Martin Roscheisen was once at the vanguard of the solar industry, leading a start-up backed by Google’s founders that was set to usher in a green revolution by making solar power cheaper than energy from fossil fuels.
The Austrian entrepreneur had seen the dotcom boom and bust while studying computer science at Stanford with Google’s Larry Page and Sergey Brin and believed green energy would be the next revolution to create fortunes for investors in Silicon Valley.
“More and more venture capitalists recognised clean tech as a category and started piling into that,” he says. “It became very competitive.”
But while solar went on to become the cheapest form of energy in the world, Silicon Valley had little to do with it. Instead, a rapid expansion of Chinese production of solar panels, with Beijing’s backing, led to an 80 per cent reduction in the cost of solar energy over the past decade. Roscheisen’s start-up, which had invented an alternative to the silicon solar panel, went bankrupt in 2013 and today he runs a company that produces lab-grown diamonds.
Roscheisen was part of a first wave of clean energy start-ups that failed to scale up as Beijing funnelled capital, land and other inducements to its solar, wind and electric battery companies after the financial crisis. Venture capitalists lost about half of the $25bn they invested in the clean-tech sector between 2006 and 2011, according to PwC, leading them to divert investment to developers of apps, software and artificial intelligence that could grow quickly without large amounts of capital.
Yet China’s success in scaling up solar power, as well as similar cost reductions in wind energy and batteries for electric cars, have laid the groundwork for a new wave of investment in clean energy start-ups that is being dubbed “clean tech 2.0”.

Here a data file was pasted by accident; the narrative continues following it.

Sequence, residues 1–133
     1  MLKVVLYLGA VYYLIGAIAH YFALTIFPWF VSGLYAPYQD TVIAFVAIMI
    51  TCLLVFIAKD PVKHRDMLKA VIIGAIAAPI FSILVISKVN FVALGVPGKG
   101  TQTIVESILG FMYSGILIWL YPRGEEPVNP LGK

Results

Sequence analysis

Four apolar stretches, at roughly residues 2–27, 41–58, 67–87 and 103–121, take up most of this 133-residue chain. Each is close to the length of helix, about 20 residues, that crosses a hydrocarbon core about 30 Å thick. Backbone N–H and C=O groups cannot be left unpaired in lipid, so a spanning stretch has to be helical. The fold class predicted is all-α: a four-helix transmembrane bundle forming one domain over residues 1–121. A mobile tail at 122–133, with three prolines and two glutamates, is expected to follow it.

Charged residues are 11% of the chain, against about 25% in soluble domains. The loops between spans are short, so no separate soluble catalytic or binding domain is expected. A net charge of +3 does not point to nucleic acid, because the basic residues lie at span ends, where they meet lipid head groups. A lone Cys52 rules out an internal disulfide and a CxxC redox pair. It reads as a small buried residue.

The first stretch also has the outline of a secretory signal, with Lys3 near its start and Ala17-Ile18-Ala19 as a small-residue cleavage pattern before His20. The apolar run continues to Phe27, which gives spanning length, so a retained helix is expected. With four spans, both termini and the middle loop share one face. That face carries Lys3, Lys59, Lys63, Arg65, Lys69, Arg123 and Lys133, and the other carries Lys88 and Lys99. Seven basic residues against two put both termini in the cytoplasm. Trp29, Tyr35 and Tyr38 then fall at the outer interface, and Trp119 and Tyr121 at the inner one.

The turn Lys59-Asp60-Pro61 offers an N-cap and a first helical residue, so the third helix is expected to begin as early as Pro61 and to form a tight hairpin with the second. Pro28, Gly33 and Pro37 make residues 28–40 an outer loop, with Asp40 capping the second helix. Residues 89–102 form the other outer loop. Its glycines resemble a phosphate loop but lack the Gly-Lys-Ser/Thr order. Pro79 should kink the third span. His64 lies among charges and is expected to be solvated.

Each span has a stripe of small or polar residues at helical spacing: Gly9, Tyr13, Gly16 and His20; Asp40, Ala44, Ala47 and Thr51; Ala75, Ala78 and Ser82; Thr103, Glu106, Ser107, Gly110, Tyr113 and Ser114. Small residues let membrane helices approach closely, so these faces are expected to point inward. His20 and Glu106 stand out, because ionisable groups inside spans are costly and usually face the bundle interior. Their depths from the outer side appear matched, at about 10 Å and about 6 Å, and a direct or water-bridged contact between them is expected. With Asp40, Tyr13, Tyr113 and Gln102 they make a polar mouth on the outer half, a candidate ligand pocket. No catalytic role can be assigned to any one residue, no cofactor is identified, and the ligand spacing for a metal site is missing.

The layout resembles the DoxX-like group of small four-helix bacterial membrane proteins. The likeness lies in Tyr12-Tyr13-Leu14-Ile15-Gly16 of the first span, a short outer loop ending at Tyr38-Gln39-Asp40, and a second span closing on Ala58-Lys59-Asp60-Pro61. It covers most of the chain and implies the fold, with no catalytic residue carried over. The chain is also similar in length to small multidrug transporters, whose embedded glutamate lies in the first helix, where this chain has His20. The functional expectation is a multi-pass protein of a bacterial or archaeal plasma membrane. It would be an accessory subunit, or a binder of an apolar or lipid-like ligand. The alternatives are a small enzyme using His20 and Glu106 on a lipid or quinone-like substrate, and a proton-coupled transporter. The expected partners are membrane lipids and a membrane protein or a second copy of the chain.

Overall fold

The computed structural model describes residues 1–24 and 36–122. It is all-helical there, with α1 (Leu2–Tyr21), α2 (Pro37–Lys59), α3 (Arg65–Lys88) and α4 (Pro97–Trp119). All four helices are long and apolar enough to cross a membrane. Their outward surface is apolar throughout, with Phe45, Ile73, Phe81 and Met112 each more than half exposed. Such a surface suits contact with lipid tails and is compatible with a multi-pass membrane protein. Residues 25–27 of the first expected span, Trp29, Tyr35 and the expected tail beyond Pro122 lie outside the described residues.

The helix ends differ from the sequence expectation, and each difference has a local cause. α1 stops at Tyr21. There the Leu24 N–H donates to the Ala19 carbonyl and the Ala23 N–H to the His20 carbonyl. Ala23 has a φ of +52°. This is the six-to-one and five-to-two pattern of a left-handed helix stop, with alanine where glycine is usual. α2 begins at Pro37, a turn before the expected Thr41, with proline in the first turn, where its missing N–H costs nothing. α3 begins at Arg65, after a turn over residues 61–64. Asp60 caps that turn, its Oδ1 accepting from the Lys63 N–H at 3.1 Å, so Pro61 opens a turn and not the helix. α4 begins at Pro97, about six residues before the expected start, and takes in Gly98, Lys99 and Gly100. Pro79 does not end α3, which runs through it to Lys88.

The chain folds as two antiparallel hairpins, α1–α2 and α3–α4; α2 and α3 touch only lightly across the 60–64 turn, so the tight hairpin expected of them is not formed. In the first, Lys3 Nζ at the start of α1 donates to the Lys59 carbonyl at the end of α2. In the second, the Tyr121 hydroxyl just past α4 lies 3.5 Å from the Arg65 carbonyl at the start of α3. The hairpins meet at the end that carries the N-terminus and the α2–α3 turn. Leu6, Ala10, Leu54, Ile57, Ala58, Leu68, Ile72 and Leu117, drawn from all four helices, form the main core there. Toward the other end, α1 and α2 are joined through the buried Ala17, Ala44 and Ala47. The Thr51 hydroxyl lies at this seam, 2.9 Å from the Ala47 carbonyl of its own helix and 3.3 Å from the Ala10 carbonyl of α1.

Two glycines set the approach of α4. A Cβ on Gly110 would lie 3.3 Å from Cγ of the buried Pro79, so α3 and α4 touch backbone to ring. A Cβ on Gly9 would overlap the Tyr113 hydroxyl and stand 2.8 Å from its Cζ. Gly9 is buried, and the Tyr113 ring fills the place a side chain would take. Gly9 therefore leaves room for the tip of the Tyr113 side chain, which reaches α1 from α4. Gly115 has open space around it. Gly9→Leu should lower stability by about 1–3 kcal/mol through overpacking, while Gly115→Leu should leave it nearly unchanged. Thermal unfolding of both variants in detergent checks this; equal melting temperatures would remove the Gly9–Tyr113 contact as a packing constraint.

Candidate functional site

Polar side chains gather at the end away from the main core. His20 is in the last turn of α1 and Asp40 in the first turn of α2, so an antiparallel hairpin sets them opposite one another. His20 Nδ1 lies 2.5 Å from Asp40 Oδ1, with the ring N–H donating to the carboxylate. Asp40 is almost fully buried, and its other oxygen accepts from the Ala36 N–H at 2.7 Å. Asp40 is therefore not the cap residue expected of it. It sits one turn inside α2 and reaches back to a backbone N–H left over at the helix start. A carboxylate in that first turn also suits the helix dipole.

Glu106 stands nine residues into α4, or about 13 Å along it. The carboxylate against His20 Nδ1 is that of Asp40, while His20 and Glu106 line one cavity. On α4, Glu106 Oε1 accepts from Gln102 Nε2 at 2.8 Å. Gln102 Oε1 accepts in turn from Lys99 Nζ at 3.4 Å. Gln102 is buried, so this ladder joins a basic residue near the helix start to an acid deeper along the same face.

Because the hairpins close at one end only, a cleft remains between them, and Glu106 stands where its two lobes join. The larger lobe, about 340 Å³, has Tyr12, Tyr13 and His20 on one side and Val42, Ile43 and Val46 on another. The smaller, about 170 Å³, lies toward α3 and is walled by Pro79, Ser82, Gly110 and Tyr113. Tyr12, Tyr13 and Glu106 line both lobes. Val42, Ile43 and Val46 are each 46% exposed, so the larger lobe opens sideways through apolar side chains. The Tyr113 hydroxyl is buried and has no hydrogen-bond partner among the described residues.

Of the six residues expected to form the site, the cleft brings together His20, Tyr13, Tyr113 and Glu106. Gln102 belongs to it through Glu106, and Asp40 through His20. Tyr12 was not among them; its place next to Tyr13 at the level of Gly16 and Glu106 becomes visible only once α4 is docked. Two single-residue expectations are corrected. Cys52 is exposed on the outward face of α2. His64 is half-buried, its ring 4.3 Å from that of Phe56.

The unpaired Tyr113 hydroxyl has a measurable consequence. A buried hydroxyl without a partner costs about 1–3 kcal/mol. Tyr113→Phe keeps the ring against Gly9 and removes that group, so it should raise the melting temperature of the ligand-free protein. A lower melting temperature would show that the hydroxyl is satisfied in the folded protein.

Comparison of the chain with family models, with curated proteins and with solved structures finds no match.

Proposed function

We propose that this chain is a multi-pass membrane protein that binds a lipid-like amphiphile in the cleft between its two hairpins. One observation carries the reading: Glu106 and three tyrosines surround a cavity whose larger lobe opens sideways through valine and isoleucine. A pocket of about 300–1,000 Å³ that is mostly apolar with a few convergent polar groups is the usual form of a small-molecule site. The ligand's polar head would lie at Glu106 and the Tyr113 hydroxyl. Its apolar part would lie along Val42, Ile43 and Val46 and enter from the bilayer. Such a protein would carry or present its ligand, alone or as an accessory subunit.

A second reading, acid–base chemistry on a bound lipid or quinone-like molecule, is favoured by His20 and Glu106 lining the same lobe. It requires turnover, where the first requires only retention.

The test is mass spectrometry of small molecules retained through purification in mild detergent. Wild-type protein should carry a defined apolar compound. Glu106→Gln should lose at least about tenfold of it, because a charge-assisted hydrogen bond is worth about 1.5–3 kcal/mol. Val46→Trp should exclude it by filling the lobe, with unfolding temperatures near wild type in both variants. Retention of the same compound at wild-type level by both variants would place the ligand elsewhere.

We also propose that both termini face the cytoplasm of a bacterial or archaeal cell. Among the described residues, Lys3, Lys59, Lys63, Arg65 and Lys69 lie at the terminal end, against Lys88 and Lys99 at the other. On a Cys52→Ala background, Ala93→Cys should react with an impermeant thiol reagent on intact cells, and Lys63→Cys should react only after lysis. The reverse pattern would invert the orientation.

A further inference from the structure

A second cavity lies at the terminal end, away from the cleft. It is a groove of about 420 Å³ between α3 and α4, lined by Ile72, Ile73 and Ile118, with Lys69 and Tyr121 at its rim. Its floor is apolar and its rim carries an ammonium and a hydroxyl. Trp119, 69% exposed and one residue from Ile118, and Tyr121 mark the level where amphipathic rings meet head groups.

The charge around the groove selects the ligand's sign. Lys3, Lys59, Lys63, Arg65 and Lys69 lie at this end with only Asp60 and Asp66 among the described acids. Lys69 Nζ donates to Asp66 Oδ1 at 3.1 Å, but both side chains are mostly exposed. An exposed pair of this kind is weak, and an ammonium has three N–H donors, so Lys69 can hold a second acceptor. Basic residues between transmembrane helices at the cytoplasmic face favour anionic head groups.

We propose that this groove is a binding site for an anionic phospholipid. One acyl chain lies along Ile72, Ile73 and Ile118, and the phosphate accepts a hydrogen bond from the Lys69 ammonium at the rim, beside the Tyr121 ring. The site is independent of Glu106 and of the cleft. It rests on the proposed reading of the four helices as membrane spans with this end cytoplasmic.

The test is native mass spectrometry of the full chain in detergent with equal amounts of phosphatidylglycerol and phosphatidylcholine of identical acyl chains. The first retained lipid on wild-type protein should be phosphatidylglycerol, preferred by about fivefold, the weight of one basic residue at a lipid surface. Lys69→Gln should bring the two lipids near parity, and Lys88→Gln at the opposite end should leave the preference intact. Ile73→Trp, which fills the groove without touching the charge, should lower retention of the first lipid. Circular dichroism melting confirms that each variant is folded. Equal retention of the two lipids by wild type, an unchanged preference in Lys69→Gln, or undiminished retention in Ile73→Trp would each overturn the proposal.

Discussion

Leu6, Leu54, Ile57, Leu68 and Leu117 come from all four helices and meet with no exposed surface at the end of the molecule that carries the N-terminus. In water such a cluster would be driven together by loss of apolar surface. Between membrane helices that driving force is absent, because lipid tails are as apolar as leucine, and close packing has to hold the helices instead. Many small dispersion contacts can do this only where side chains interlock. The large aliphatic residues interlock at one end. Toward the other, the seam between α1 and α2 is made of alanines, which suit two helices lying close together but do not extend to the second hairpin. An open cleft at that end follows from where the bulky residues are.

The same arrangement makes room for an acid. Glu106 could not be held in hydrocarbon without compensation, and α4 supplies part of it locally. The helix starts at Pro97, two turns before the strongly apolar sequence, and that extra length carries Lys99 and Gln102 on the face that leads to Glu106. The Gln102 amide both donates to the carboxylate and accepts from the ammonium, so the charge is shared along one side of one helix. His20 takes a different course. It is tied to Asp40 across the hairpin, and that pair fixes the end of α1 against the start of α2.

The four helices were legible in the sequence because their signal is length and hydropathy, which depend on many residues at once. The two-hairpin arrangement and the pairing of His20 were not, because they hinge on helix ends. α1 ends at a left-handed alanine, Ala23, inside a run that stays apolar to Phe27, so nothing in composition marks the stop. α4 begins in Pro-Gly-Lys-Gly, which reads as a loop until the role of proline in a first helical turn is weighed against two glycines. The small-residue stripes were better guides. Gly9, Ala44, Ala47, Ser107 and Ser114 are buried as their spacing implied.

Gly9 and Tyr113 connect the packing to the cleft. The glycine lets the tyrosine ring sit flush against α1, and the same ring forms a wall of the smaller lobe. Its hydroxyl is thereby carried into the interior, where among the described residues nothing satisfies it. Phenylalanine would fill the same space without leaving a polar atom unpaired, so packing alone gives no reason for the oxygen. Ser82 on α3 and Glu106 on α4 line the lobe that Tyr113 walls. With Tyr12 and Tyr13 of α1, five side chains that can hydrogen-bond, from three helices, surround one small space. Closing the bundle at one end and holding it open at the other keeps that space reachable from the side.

From new battery storage technologies to sustainable aviation fuel, lab-grown meat and low-carbon concrete, investors are rushing to put money behind renewable energy producers and other companies fighting climate change. Dozens have listed on US stock exchanges over the past year via mergers with special purpose acquisition vehicles, known as Spacs, raising billions of dollars. San Jose-based battery start-up QuantumScape, which floated last year, is valued at $21bn. Listed companies that are set to benefit from a transition away from fossil fuels are worth a collective $6tn, according to Bank of America.
Developing a technology from the lab into a low-cost, mass-market product with the potential to reduce global emissions is notoriously hard and can take years, as many investors discovered painfully over the past decade. But analysts say this time is different as entrepreneurs are focused on a much broader set of challenges and are backed by deep-pocketed corporate investors, which have promised to decarbonise their operations. Pledges by governments such as China and the EU to have net zero emissions of greenhouse gases net zero emissions of greenhouse gases by the middle of the century also support markets for their products. US president Joe Biden was also elected on the promise of a $2tn green energy investment plan.
“Climate is affecting everything now and so the companies follow that rather than being focused on one sector [such as solar],” says Sophie Purdom, an investor who runs the Climate Tech VC newsletter. “We feel climate personally now: corporates feel it, the economy feels it. It’s a ticking time-bomb that’s tangible, whereas before it felt like an Al Gore chart on a slide.”
Learning from mistakes
In a 2007 TED talk, John Doerr, a partner at the Silicon Valley venture capital company Kleiner Perkins, said “green technologies — going green — is bigger than the internet. It could be the biggest economic opportunity of the 21st century.”
Kleiner and other venture capital firms began to pour millions of dollars into solar start-ups and battery makers such as A123 Systems, which listed on the stock market in 2009 with a valuation over $1.9bn. California-based Solyndra, which made solar panels that did not use silicon, raised almost $1bn in funding, as well as a $535m loan from the US government.
“The best work in solar is happening in Silicon Valley,” billionaire Silicon Valley investor Vinod Khosla said in 2008.